Before disappearing into the night sky, Book and Burnham beam over the promised dilithium, despite the attempts to utterly annihilate them, because that's what Starfleet does. And naturally, the moment Burnham bounds back onto the bridge of the Discovery, the leader of the Alshains, hails the Crossfield class ship and more or less apologizes. Smiles all round then.
The opening credits haven't changed very much, there's a few new graphics in there including Book's ship and an updated NCC 1031-A, plus the same utterly astounding number of producers. In fact, it feels like there's even more than before; the list of producers, co-producers, executive producers, co-executive producers, consulting producers and supervising producers takes up over half the length of the credits sequence.
We cut to what looks like a high council meeting of some sort on Kaminar in what is the first example of one of the highlights of this episode: extensive culture building and taking worlds we've seen before and adding a hole new dimension to them, after all it's been just shy of a millennia since we last saw the Kelpien homeworld. Moreover, this is the first season of "Discovery" — and, in fact, the very first "Star Trek" series — to air after filming with the Stagecraft LED virtual wall technology developed by ILM, Pixomondo and others and pioneered for the first season of "The Mandalorian." So we can expect some beautiful VFX set designs and this scene is one of those.
The dialogue serves largely as exposition as Saru (Doug Jones) explains to the high council how a "burn" will definitely not happen again and that the Kelpien's should look to once more reach out into space. Before long we cut to the USS Discovery and Burnham is anxious about delivering a speech to celebrate the reopening of Starfleet Academy with the President of the United Federation of Planets present. The chemistry between is Book and Burnham is boiling over with potential, yet the dialogue always seems to let them down, as it seldom feels natural. Plus, no normal couple smiles quite that much.
The President, Laira Rillak (Tara Rosling) takes over and talks to those gathered about the gallantry of the Discovery crew, so lots more smiles all round. We learned during the earlier scene on Kaminar that five months have passed since the events of the concluding episode of Season 3, so yes, there probably would still be quite a lot of this sort of thing going, after all, the "Burn" did last approximately 120 years.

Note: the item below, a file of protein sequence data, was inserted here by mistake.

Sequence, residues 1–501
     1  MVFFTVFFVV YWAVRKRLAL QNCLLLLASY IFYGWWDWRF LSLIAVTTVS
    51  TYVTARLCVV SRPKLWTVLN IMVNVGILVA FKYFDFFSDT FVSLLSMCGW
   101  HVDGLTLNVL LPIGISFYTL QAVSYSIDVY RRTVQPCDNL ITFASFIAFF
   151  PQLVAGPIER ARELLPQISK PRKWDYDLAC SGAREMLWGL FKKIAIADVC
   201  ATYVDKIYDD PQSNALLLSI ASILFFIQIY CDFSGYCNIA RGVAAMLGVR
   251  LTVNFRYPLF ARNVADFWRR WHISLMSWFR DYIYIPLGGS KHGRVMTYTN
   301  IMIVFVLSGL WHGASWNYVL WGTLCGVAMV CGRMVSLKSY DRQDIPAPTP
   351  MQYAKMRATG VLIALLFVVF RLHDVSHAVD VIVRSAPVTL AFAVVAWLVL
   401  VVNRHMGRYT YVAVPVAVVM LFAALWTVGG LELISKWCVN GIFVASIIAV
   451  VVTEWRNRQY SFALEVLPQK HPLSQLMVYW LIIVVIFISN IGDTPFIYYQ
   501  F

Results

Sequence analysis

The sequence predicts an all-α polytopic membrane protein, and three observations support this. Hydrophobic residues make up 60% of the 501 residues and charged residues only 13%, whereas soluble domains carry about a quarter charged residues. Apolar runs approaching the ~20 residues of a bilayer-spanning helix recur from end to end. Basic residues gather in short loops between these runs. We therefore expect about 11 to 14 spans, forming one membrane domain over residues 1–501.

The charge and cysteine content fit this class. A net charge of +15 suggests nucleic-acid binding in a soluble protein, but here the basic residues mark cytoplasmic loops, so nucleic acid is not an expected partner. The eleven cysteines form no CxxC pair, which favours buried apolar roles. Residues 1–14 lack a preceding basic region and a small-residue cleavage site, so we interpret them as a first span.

This episode is guilty of a little fan service and that's fine as long as it's kept to a minimum, but to this fan, whose favorite series is "Enterprise," the announcement of the Archer Space Dock, along with a few seconds of the familiar closing theme, was rather nice. After El Presidente's speech, she thanks the Discovery's crew personally and Burnham tiptoes off to talk to now-Lieutenant Tilly.
Her promotion to first officer last season, from ensign, was controversial to say the least, since from a practical standpoint — and especially one if you've actually served or are serving — she simply didn't have the knowledge, training or experience for such an unprecedented jump in rank. So almost like the producer's felt it necessary to close the lid on this, Burnham reassures Tilly that she was ready.
Then the emergency transmission comes in for the set piece that will tie everything together. Deep Space Repair Beta Six has lost reactor control thrusters plus gravitational stability is also compromised and it's sending a distress call. However, whatever affected the station also knocked out the subspace relays in the area and they cannot wait for any vessel to reach them at warp so the USS Discovery must go.
At which point President Rillak insists on joining the mission and immediately sets up a predictable — and somewhat clichéd — "who's in command here" confrontation at the crucial moment, on the bridge of the Discovery, during the rescue mission. Naturally, Burnham objects, but she's ultimately overruled, immediately setting up a nice and prickly relationship.
Then the strangest thing happens as the USS Discovery makes its spore jump; at about 23:20 in the episode, a new sound effect has been added…and well, it just sounds silly, almost like a comedy whistle (opens in new tab) that doesn't do anything for the credibility of the spore drive, which needs all the credibility it can get. Hopefully, it will be removed from future episodes, a little like how the producers got trigger happy with the phaser charge-up sound effect in the episode "Project Daedalus" (S02, E09) until the novelty wore off.
Upon reaching the station, an "Interstellar"-style rotation-match maneuver is required in order for the Discovery to mount a rescue. You'd think in the 32nd century they'd simply be able to use the tractor beam, but no adequate reason is provided as to why this isn't possible. Using the transporters is mentioned, but there's too much interference, naturally.
We cut to Kwejian, Book's beautiful homeworld, for some more culture building. He's returned to take part in his nephew Leto's (Luca Doulgeris) coming of age ceremony and it's a nice set piece, although it's now painfully obvious something is going to happen, but the sheer scale of it is still a shock. His nephew is given the traditional amulet containing the sap of the root of a sacred tree and the blood of his family, which is never taken off. However, Book no longer wears his and his brother Kyheem (Ache Hernandez) explains that it's a story that he will share another time.